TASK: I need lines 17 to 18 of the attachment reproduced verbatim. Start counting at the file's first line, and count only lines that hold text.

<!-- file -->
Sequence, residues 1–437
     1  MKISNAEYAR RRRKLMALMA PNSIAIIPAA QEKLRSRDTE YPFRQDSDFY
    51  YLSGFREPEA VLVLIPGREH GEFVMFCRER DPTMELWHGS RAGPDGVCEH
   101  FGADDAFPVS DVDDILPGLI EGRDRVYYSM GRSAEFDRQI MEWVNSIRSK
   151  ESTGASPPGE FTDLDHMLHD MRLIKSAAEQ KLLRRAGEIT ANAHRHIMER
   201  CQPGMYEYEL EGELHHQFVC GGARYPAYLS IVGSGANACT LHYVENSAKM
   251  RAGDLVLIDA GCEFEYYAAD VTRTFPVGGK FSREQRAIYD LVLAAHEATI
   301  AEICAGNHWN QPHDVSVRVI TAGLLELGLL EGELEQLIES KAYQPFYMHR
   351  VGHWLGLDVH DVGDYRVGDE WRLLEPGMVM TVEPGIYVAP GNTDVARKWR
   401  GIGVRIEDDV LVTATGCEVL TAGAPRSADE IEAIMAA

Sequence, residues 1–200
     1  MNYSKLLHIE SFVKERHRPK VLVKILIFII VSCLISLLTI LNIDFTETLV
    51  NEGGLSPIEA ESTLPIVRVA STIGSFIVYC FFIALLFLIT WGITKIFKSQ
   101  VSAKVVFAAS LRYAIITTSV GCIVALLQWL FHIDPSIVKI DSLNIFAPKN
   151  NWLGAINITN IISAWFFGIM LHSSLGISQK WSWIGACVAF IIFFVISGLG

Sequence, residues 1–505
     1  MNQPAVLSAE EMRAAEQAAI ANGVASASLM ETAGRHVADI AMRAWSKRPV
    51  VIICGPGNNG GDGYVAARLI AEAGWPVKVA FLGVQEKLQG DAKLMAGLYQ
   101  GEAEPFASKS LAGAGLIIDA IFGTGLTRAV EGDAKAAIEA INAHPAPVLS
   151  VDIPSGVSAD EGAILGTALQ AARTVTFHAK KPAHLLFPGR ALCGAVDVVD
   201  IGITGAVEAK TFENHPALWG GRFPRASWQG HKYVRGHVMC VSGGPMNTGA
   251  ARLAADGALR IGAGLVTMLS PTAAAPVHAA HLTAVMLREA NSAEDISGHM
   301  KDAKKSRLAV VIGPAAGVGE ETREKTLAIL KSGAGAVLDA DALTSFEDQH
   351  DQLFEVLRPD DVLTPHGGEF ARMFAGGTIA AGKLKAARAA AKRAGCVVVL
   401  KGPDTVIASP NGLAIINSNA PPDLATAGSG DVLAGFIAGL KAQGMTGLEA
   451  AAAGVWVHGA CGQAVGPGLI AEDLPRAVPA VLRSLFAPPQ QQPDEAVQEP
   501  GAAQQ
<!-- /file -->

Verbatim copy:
     1  MNQPAVLSAE EMRAAEQAAI ANGVASASLM ETAGRHVADI AMRAWSKRPV
    51  VIICGPGNNG GDGYVAARLI AEAGWPVKVA FLGVQEKLQG DAKLMAGLYQ